The penultimate stage in the disappearance of the spotted texture is seen in 1547, occurring on the eastern side of Edwardson Sound, three miles north of Divide Head. The grain-size of the quartz in the mosaic of the base is here rather irregular, varying from 0.05 mm. to 0.10 mm. in alternating laminae respectively richer
and poorer in sericite, but in certain roughly ovoid patches is 0.2 mm. or more, whilst the biotite matting about them has become coarse and rather irregularly redistributed into the ground mass, is partly chloritised and associated with more or less leucoxenised ilmenite. Like the sericite, the biotite is distributed unevenly in layers respectively containing much or little of this mineral; together these two micas constitute about 20% of the rock. There are a few small (0.3 mm.) euhedral or spongy crystals of garnet, whilst zircon is an abundant accessory in prisms up to 0.15 mm. in length with a little apatite and brownish-green tourmaline. This rock is interbedded with typical finely schistose biotite-hornfels and with porphyroblastic hornfels.
The spotted schists described above are interbedded with the metamorphosed equivalents of the other Ordovician sediments, of which two main facies may be distinguished—the chloritic sericiteschists and the more or less schistose biotite-hornfels—which result from different grades and conditions of metamorphism, the chloritic rock being the product of the retrogressive alteration of biotite-sericite-hornfels. Traced north-west from Cavern Head the finer-grained rocks take on a silky sheen and greenish tinge (the semi-schistose rocks of McKay (1896), and near Southport are developed as chloritic sericite-schists. About halfway between the entrance to Southport and Stripe Head (1523, 1579) they consist of a fine rather uneven-grained matrix of quartz and very subordinate albite (about Ab96 An4) and rarely a little orthoclase in grains 0.02–0.10 mm. in diameter, with larger grains of quartz and feldspar 0.4–0.8 mm. in length, the longer axes of which tend to lie in the direction of schistosity. This latter is marked by abundant minute flakes of sericite and sparse optically negative but almost isotropic pale-green chlorite, which has been developed from biotite. A little irregular granular leucoxene is associated with this last mineral, often distributed along its cleavage. Apatite and zircon occur in small grains, and there are a few surviving flakes of biotite up to 0.3 mm. across. The rocks have evidently been derived from sediments intermediate in character between the argillites and the fine-grained greywackes described above.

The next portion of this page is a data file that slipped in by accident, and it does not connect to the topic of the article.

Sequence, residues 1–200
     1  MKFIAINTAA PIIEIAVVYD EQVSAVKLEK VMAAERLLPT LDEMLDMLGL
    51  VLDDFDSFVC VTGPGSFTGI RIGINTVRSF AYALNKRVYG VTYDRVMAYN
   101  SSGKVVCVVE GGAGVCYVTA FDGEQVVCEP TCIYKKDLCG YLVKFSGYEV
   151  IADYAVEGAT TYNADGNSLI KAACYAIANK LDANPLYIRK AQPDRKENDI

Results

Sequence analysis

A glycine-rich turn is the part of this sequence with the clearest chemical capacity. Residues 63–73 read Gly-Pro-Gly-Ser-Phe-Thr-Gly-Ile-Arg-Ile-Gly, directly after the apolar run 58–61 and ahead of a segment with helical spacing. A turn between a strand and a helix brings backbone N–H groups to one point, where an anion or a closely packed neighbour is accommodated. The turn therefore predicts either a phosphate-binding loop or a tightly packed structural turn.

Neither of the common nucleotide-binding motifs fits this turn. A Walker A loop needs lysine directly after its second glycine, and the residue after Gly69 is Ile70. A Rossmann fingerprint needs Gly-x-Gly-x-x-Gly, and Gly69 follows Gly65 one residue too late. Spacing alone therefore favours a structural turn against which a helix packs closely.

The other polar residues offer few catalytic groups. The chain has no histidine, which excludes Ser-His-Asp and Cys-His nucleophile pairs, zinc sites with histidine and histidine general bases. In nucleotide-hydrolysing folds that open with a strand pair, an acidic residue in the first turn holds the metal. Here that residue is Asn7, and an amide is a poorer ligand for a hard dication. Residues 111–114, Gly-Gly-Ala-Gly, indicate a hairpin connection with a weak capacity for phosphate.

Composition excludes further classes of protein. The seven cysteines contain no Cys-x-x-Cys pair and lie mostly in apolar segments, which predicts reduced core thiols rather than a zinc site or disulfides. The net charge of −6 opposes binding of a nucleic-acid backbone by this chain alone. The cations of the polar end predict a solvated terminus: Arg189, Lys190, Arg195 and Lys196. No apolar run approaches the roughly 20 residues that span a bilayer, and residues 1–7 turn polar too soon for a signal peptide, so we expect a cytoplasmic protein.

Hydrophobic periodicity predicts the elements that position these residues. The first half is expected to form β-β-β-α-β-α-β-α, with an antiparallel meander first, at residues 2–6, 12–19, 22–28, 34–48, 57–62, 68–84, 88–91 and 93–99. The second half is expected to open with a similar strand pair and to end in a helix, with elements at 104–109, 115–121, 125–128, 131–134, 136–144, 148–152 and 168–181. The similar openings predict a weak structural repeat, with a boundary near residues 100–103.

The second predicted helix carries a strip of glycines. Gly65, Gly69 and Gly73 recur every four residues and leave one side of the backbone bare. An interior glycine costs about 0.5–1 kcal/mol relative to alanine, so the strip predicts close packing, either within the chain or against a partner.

Rocks of this type outcrop also on the west side of Southport and in the Garden Islets. Specimens from the most southerly and most northerly of these islets (1520, 1521) have grain-size (0.08 mm.) rather more even than in others of this group, with more untwinned feldspar and zircon (causing dark spots in the chlorite), and show also the presence of many thin bands of crushing almost parallel to the plane of schistosity in which the chlorite flakes tend to accumulate, and grains of leucoxene have been formed. A minor result of this granulation is seen in the transverse fracture and drawing-out of a tourmaline prism.